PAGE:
Thanks for the quick reply! We are actually having the ceremony at our reception venue, a cozy (read: tiny : ) urban restaurant. We are not opposed to some sort of “entrance,” although it would be together (rather than being walked down the aisle or given away by my dad). We have also thought of the just-calling-everyone-together route. However, the idea of having people sort of form an aisle is a nice one as well!

I look forward to your future posts… Your ideas for a secular wedding have been so helpful so far!

 
5.
doctorgirl
Hostess
doctorgirl (message)  27 posts, Newbee

I need to save this post!

 
6.
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Guest
deux.etoiles

Have you ever taken part in a two-ceremony marriage? My fiance and I are having a Christian ceremony followed immediately by a Hindu ceremony with two different officiants and I’m having a hard time figuring out when our declaration of marriage should be — should we have two of them, one after each ceremony, should we have one right after the Christian ceremony or should we wait until the end? Should our minister, who is the one signing our certificate stick around until the end and declare us married? Very confusing :)

 
7.
Jessie Blum @ Eclectic Unions
Pro
Jessie Blum @ Eclectic Unions (message)  360 posts, Helper bee

@deux.etoiles: The question is - when do you feel like you are going to become husband and wife? That’s really something you’ll have to discuss with your officiants, and see if they have any suggestions or opinions on what works the best. I’ve personally never done a two ceremony wedding. I’d think having them at the end of each would work well, especially because a ceremony can feel very anticlimactic if there’s no declaration at the end…

 
8.
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Guest
tess

I’d love to know more about tree planting ceremony.

 
9.
Jessie Blum @ Eclectic Unions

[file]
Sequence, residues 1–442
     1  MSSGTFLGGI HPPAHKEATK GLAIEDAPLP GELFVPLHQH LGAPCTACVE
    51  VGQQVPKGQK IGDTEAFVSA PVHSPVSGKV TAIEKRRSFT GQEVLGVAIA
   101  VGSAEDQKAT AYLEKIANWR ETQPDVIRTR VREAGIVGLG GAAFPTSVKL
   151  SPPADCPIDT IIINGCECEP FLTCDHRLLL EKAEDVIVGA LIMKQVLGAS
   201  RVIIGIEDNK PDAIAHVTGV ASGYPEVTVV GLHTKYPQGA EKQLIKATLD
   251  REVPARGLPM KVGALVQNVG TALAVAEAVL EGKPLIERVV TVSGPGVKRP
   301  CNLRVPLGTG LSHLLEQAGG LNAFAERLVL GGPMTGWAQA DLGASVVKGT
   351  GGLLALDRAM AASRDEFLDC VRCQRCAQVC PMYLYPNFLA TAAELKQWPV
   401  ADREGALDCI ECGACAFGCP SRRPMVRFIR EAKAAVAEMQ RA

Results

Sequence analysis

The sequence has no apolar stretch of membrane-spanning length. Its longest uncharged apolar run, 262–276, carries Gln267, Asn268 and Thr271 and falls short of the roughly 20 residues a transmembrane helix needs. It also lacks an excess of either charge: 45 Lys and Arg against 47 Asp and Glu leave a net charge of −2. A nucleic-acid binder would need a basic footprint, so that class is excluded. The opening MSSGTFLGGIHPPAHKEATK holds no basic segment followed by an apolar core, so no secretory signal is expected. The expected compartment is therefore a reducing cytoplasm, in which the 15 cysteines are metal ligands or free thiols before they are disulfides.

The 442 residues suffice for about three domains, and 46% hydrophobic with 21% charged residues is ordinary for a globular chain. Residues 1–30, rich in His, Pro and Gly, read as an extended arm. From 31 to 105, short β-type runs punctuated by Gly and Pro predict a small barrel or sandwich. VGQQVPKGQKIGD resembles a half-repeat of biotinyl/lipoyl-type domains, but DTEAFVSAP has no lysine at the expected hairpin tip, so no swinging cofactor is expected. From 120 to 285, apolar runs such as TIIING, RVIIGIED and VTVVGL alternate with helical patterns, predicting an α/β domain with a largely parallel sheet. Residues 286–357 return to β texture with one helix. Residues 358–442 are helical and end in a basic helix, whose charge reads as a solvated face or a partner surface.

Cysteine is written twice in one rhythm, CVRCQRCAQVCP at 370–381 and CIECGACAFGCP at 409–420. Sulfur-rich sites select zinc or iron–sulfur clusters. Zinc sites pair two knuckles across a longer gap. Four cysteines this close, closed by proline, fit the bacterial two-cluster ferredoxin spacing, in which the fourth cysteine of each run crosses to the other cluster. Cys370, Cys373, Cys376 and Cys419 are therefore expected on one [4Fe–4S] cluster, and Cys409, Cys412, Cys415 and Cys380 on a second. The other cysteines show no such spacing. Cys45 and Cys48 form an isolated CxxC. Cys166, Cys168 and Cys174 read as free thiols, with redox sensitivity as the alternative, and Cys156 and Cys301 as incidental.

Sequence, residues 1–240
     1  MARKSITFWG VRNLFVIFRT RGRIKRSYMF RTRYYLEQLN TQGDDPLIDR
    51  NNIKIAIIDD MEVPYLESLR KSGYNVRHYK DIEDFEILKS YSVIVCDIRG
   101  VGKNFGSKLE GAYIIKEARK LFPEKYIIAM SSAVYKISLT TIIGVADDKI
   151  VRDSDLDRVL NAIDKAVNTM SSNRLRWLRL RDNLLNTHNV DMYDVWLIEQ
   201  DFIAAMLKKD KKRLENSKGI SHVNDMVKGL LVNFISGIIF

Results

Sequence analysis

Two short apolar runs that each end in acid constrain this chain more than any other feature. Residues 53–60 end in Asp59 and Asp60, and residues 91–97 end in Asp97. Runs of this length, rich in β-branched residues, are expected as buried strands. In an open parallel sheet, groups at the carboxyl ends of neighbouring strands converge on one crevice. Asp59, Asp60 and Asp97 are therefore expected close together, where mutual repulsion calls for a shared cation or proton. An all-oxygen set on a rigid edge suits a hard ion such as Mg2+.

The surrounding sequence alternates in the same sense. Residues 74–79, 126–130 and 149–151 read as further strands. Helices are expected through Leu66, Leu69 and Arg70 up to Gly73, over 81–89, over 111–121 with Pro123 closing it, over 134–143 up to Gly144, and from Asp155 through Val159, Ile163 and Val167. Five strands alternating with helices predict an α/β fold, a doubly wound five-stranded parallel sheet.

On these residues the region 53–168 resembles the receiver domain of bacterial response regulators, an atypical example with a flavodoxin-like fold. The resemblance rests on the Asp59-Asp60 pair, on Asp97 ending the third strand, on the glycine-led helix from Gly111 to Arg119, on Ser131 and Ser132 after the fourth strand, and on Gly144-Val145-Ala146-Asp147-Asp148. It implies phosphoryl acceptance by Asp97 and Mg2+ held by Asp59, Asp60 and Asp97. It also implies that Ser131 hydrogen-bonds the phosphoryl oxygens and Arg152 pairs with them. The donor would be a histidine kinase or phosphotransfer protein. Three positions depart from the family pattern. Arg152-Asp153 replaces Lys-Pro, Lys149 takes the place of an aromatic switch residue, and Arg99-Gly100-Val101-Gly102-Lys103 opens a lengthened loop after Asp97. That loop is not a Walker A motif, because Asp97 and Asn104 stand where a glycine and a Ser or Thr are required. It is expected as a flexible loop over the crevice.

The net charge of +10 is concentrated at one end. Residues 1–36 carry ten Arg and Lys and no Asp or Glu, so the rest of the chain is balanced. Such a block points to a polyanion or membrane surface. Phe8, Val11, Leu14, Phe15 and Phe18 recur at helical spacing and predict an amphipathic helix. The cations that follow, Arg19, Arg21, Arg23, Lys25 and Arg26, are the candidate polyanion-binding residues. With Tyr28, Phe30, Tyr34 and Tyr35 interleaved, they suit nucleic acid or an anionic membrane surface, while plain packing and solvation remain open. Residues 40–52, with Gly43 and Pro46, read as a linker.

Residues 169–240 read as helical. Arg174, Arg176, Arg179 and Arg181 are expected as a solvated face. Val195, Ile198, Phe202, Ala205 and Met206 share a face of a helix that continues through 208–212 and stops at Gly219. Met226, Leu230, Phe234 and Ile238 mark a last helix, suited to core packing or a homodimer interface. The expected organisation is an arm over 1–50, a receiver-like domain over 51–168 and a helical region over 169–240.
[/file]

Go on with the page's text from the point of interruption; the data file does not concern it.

Pro
Jessie Blum @ Eclectic Unions (message)  360 posts, Helper bee

@tess: Hi Tess! I’m going to be doing a sapling wedding ceremony in July, but have not written the version I plan to do yet. The couple came to me with the idea of planting a seed, and I suggested the sapling, after reading about it on 2000 Dollar Weddings - I’d suggest checking out her ceremony and the wording and meaning that they assigned to it.

http://2000dollarwedding.com/2009/01/how-to-write-meaningful-and-memorable.html

Once I’ve got the ceremony written, and after that July wedding - I’ll have a ton more info on it!

 
10.
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Guest
Follow Along Ceremony: The First Meeting & First Outline » Weddingbee PRO » The Wedding Blog

[...] and people that she and John knew they wanted to include in their ceremony. I melded this with my basic outline for structure, and so, going into our first meeting, I had a very good idea of what their ceremony was going to [...]

 
11.
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thatonegirl… gets married!

[...] the past couple months. Here is a small list of some great ceremony planning resources: The Knot Weddingbee Pro Weddings on About.com Weddings by Lance 2000 Dollar Wedding AKPC_IDS += “1112,”;Popularity: [...]

 
12.
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Guest
Mr&MrsSmith

You mentioned above you did a wedding on a sidewalk, where do I go to get permission to do that? local precinct?

 
13.
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Building a Meaningful Ceremony | Engaged & Inspired

[...] - detailed example of structure, here [...]

 

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Jessie Blum @ Eclectic Unions
Jessie Blum @ Eclectic Unions Jessie Blum, New Jersey Vendor: Officiant Website: Eclectic Unions About Me: I began writing & officiating wedding ceremonies in 2008, and love every single moment of it. It all started when my best friend asked me to officiate her Jewish/Lutheran/Pagan (but completely non-religious!) wedding - since then, I've found a love and passion for creating original wedding ceremonies that truly reflect the couples being married. Wedding ceremonies should be all about the bride & groom's love, relationship, and commitment, and I do my best to make sure everything is just perfect! I live in Northern New Jersey with my fiance and our two kitties, and, when I'm not meeting with my awesome couples or writing wedding ceremonies, I love to knit, obsessively check my email, and plan my own wedding (Oct 2010!).